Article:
I figure if all the humpbacks in an ocean can manage to get their act together each year and all decide on the new song, I should be able to step it up and make the goal of being better at networking and growing as a writer.

The Arctic Tern

http://www.birdforum.net/opus/Arctic_Tern
http://www.birdforum.net/opus/Arctic_Tern

This tiny, 4-ounce bird makes the longest migration of any animal on the planet.  They have the humpback beat by a whole hemisphere.  Arctic terns migrate from Greenland to Antarctica, traveling 44, 000 miles one way.  These birds have a life span of up to 30 years, and scientists estimate in that time they travel 1.5 million miles.  Let me give you a little perspective on that number; in its lifetime, an Arctic tern will travel the equivalent of to the moon and back three times.  I will never again complain about my commute.

On the upside, they never see winter.  Their travels take them from northern summer to southern summer.  How far would you travel to always have long, warm summer days?

Arctic terns mate for life.  Talk about commitment:  “Honey, it’s time to pack up the kids and head to Antarctica.”  It must be true love.

How far would you go for what you love?  From one pole to another?

We are all on this life journey together.  Many small steps taken one at a time can carry you incredible distances.  What commitments do you need to make for your journey?  What is your first step?  How far will you go?

 

10 thoughts on “Wild Wednesday – A Brand New Year

    1. Deborah you are so awesome. I have you to thank for introducing me to Kristen Lamb’s class and the WANA crew. I would never have known about this amazing group of people except for you. And a huge thank you for all your support and encouragement. Blessings to you too in 2013.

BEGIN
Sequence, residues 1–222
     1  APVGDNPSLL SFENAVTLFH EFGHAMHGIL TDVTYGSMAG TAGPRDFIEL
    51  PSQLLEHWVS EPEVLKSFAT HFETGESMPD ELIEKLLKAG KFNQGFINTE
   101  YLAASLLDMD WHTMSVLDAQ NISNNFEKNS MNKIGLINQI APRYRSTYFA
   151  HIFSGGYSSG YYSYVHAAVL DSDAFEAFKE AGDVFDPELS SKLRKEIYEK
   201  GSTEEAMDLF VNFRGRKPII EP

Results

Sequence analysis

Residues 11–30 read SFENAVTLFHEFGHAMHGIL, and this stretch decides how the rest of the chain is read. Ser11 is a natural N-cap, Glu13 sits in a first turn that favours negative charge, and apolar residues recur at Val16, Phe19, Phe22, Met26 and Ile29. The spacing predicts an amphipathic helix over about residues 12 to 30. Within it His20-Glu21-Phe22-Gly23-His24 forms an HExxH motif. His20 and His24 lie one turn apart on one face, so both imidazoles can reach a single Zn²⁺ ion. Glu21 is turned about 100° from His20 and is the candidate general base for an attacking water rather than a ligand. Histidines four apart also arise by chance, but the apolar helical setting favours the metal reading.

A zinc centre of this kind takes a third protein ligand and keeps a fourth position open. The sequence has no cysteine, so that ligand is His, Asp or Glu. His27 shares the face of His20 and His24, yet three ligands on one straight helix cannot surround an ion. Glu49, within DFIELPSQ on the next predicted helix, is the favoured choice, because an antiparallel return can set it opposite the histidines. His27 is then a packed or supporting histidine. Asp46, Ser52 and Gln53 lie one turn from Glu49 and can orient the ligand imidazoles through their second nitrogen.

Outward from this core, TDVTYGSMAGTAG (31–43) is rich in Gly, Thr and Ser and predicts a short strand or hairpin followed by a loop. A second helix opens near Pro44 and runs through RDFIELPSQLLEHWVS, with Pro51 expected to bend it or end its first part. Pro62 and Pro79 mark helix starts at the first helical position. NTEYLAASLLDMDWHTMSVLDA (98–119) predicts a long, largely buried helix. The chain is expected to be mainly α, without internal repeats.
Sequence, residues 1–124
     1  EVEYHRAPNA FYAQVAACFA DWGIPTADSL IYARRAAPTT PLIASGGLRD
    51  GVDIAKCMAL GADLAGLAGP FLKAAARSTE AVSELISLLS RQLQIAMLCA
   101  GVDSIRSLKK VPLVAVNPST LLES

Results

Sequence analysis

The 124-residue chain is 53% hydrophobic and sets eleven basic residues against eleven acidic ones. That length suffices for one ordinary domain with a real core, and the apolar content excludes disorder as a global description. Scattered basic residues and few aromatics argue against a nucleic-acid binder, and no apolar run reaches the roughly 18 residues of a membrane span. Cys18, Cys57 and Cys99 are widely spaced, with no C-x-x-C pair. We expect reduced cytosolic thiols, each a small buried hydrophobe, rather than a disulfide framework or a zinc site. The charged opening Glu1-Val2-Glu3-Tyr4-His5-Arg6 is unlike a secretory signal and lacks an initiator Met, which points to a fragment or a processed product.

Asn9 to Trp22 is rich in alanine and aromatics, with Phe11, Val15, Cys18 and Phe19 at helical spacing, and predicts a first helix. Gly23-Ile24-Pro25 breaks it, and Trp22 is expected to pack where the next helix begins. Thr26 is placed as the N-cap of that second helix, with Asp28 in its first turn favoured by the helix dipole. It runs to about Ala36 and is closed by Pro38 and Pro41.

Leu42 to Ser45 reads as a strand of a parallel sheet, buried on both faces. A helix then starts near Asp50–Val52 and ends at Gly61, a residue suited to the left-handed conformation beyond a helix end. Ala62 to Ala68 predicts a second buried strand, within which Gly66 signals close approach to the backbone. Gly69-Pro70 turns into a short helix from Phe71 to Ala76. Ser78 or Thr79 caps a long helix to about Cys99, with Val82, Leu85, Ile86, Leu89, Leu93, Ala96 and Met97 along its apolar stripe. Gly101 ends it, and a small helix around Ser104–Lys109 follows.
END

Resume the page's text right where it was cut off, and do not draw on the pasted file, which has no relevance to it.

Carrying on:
1. I really like the idea of taking the lessons from the bad and letting everything else go. It is always easy to be thankful for the good, but often it is hard to see the good that also comes from the difficult situations. Thanks for the reminder. And happy New Year!

  2. I love those animal statistics. Humpback whales are so amazing. I love to see them in their natural habitat. So graceful and powerful at the same time.

    Thanks for the words of advice about letting go of the past and moving forward one step at a time. Great words to start off this new year.

    Happy new year!

    Patricia Rickrode
    w/a Jansen Schmidt

  3. “How far would you go for what you love?” Serena, you are one special lady! I love the way you simplified our life by comparing it to these two mammals. See, we depend on you for these amazing posts my friend. It really does help to put our stuff in perspective. And the fact that your dear hubby writes you songs to make you happy is awesome girl. Thanks for sharing all these interesting facts. Humpback whales are one of the coolest animals on the planet. I’m right with you on that one. Your post made my day Serena! 🙂